Health and wellness

FILE - This 1997 image provided by U.S. Centers for Disease Control and Prevention shows the right arm and torso of a patient, whose skin displayed a number of lesions due to what had been an active case of monkeypox. As health authorities in Europe and elsewhere roll out vaccines and drugs to stamp out the biggest monkeypox outbreak beyond Africa, in 2022, some doctors are acknowledging an ugly reality: The resources to slow the disease’s spread have long been available, just not to the Africans who have dealt with it for decades. (CDC via AP, File)

WHO panel: Monkeypox not a global emergency ‘at this stage’

An “intense” response to control its spread is necessary however, the panel said

 

Group of members of the B.C. Professional Fire Fighters’, B.C. Children’s Hospital staff, and the McKenzies’ a patient family joining together in front of the hospital (June 14). Provided by B.C. Children’s Hospital.

VIDEO: B.C. firefighters donate $1M for child burn survivors

$1 million from the B.C. Professional Fire Fighter’s Association improves child burn care treatment

 

UBC is set to start construction on a $139.4 million biomedical engineering facility this summer. THE CANADIAN PRESS/Jonathan Hayward

New ‘state-of-the-art’ UBC building aims to boost B.C. healthcare, biotech sectors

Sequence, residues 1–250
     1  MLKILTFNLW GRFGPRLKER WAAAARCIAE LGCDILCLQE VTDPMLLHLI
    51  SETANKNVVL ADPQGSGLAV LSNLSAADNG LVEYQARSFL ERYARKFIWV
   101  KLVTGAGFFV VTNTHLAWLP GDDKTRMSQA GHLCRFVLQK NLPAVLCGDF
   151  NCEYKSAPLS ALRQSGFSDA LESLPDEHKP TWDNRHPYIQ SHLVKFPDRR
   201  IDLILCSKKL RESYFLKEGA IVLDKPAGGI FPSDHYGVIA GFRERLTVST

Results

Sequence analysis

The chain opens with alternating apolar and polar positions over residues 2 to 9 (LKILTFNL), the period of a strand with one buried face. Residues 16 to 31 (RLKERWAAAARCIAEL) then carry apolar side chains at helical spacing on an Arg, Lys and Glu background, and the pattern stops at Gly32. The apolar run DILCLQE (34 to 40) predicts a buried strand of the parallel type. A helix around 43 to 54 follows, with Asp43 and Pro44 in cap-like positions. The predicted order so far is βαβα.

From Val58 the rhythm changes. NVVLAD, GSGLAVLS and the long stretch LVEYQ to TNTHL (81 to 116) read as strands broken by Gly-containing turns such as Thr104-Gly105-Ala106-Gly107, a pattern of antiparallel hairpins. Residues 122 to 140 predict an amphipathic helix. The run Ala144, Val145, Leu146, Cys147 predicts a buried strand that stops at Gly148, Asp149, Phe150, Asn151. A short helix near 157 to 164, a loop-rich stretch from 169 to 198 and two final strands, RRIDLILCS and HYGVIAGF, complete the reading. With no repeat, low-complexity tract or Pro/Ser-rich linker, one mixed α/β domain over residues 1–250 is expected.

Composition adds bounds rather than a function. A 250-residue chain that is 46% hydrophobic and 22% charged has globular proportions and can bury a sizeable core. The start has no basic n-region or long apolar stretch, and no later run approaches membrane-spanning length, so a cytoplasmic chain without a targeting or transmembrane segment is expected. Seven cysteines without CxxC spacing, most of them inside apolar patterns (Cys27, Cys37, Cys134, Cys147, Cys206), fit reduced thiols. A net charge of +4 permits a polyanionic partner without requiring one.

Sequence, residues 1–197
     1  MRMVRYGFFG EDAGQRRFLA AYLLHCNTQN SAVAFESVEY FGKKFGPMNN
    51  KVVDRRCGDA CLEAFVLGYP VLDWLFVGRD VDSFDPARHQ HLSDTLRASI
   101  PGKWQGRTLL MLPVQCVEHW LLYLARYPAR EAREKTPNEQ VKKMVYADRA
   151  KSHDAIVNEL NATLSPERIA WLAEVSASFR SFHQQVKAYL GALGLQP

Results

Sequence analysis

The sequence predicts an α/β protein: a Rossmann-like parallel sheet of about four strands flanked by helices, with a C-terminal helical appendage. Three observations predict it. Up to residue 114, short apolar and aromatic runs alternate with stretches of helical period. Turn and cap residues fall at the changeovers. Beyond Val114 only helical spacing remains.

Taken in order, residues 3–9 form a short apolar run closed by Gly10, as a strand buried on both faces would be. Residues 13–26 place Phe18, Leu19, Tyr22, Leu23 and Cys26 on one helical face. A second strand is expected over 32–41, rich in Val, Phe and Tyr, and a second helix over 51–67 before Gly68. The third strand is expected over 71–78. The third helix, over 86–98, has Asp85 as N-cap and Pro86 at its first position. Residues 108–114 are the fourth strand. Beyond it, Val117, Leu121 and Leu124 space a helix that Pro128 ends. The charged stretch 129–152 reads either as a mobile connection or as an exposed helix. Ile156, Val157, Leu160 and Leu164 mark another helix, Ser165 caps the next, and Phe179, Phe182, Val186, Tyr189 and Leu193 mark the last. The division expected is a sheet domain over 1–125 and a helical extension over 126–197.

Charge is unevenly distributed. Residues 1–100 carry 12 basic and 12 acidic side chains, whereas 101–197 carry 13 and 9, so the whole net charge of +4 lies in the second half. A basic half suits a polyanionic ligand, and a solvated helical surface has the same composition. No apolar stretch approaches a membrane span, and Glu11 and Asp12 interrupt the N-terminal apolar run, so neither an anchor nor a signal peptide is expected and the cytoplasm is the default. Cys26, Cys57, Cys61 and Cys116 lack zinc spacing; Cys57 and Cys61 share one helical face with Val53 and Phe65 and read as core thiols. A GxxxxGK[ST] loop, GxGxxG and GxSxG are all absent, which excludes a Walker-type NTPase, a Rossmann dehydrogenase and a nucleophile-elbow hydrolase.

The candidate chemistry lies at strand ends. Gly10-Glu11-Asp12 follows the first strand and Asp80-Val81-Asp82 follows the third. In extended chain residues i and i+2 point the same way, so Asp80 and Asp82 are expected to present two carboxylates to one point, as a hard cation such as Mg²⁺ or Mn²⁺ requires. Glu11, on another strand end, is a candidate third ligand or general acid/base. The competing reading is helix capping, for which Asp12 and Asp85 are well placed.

A UBC biomedical engineering facility will break ground this summer thanks to a provincial grant

 

Farmers market berries. Photo retrieved from pixabay.com.

Disease prevention starts in the grocery store grabbing nutritional items

Disease prevention starts in the grocery store, says Sandra Gentleman, registered dietitian.

Farmers market berries. Photo retrieved from pixabay.com.
The BC Schizophrenia Society supported more than 1,000 families touched by serious mental illness in 2021. (BC Schizophrenia Society/Facebook)

BC Schizophrenia Society hopes to reach thousands touched by serious mental illness

Non-profit offers resources, peer and group support for those with illness and their loved ones

The BC Schizophrenia Society supported more than 1,000 families touched by serious mental illness in 2021. (BC Schizophrenia Society/Facebook)
A man pauses at a coffin after carrying it during a memorial march to remember victims of overdose deaths in Vancouver on August 15, 2020. Advocates say Health Canada’s announcement to decriminalize personal possession of 2.5 grams will do little to save people’s lives. THE CANADIAN PRESS/Darryl Dyck

For decriminalization to save lives, users need to be allowed to carry more drugs: B.C. advocates

Health Canada nearly halved requested personal possession amount in approval May 31

A man pauses at a coffin after carrying it during a memorial march to remember victims of overdose deaths in Vancouver on August 15, 2020. Advocates say Health Canada’s announcement to decriminalize personal possession of 2.5 grams will do little to save people’s lives. THE CANADIAN PRESS/Darryl Dyck
Dean Anderson holds up a sign before a march on the first National Day of Action to draw attention to the opioid overdose epidemic, in the Downtown Eastside of Vancouver, on February 21, 2017. Beginning Jan. 31 2023, adults in B.C. will be allowed to carry up to 2.5 grams of drugs for personal use, Health Canada announced May 31, 2022. THE CANADIAN PRESS/Darryl Dyck

B.C. approved to decriminalize possession of small amounts of street drugs as deaths soar

Personal possession of up to 2.5 grams to be allowed for three years beginning Jan. 31, 2023